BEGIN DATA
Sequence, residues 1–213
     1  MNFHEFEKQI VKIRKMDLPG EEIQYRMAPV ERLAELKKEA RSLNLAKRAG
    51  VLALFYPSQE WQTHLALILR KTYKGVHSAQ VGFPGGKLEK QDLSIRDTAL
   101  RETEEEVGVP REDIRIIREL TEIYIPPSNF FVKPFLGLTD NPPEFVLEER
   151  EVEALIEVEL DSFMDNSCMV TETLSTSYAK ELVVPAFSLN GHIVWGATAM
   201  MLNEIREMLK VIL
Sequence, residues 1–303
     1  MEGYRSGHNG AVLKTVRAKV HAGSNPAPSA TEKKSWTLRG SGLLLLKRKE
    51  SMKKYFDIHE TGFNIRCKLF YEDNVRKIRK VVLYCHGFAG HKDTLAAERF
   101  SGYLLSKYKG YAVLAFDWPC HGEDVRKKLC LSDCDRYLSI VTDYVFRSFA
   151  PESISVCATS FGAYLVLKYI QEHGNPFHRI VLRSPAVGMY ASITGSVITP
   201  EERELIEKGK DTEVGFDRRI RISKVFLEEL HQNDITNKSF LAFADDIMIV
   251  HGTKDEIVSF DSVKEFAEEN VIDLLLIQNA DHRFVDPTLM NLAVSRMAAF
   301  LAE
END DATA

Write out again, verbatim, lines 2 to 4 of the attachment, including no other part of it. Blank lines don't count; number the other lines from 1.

     1  MNFHEFEKQI VKIRKMDLPG EEIQYRMAPV ERLAELKKEA RSLNLAKRAG
    51  VLALFYPSQE WQTHLALILR KTYKGVHSAQ VGFPGGKLEK QDLSIRDTAL
   101  RETEEEVGVP REDIRIIREL TEIYIPPSNF FVKPFLGLTD NPPEFVLEER